Preoperative and postoperative prediction of long-term meningioma outcomes

Efstathios D. Gennatas, Ashley Wu, Steve E. Braunstein, Olivier Morin, William C. Chen, Stephen T. Magill, Chetna Gopinath, Javier E. Villaneueva-Meyer, Arie Perry, Michael W. McDermott, Timothy D. Solberg, Gilmer Valdes, David R. Raleigh*

*Corresponding author for this work

Research output: Contribution to journalArticlepeer-review

13 Scopus citations

Abstract

Background Meningiomas are stratified according to tumor grade and extent of resection, often in isolation of other clinical variables. Here, we use machine learning (ML) to integrate demographic, clinical, radiographic and pathologic data to develop predictive models for meningioma outcomes. Methods and findings We developed a comprehensive database containing information from 235 patients who underwent surgery for 257 meningiomas at a single institution from 1990 to 2015. The median followup was 4.3 years, and resection specimens were re-evaluated according to current diagnostic criteria, revealing 128 WHO grade I, 104 grade II and 25 grade III meningiomas. A series of ML algorithms were trained and tuned by nested resampling to create models based on preoperative features, conventional postoperative features, or both. We compared different algorithms’ accuracy as well as the unique insights they offered into the data. Machine learning models restricted to preoperative information, such as patient demographics and radiographic features, had similar accuracy for predicting local failure (AUC = 0.74) or overall survival (AUC = 0.68) as models based on meningioma grade and extent of resection (AUC = 0.73 and AUC = 0.72, respectively). Integrated models incorporating all available demographic, clinical, radiographic and pathologic data provided the most accurate estimates (AUC = 0.78 and AUC = 0.74, respectively). From these models, we developed decision trees and nomograms to estimate the risks of local failure or overall survival for meningioma patients. Conclusions Clinical information has been historically underutilized in the prediction of meningioma outcomes. Predictive models trained on preoperative clinical data perform comparably to conventional models trained on meningioma grade and extent of resection. Combination of all available information can help stratify meningioma patients more accurately.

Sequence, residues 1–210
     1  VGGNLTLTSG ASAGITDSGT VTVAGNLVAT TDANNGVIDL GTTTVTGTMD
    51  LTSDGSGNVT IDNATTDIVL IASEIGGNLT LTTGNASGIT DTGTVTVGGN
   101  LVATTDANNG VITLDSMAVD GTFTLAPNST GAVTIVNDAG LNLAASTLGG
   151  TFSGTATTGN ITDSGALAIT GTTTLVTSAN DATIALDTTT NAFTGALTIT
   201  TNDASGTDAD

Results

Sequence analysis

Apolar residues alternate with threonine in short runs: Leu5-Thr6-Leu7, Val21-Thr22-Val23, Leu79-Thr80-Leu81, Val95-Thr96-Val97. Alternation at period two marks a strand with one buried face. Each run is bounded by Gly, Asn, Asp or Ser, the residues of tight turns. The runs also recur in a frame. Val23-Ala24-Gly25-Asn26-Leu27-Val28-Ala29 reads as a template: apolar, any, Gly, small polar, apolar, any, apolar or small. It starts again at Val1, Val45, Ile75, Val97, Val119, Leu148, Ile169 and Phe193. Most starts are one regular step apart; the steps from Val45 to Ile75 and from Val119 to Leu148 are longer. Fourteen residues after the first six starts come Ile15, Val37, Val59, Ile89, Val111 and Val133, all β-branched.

Original languageEnglish (US)
Article numbere0204161
JournalPloS one
Volume13
Issue number9
DOIs
StatePublished - Sep 2018
Externally publishedYes

ASJC Scopus subject areas

  • General

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